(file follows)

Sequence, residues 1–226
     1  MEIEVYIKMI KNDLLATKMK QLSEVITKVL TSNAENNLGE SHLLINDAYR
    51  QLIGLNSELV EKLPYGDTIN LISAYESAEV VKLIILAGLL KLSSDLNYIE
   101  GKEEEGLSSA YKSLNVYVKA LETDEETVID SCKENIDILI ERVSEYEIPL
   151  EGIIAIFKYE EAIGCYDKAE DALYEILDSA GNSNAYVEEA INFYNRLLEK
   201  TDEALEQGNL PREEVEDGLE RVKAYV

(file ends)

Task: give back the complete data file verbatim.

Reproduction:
Sequence, residues 1–226
     1  MEIEVYIKMI KNDLLATKMK QLSEVITKVL TSNAENNLGE SHLLINDAYR
    51  QLIGLNSELV EKLPYGDTIN LISAYESAEV VKLIILAGLL KLSSDLNYIE
   101  GKEEEGLSSA YKSLNVYVKA LETDEETVID SCKENIDILI ERVSEYEIPL
   151  EGIIAIFKYE EAIGCYDKAE DALYEILDSA GNSNAYVEEA INFYNRLLEK
   201  TDEALEQGNL PREEVEDGLE RVKAYV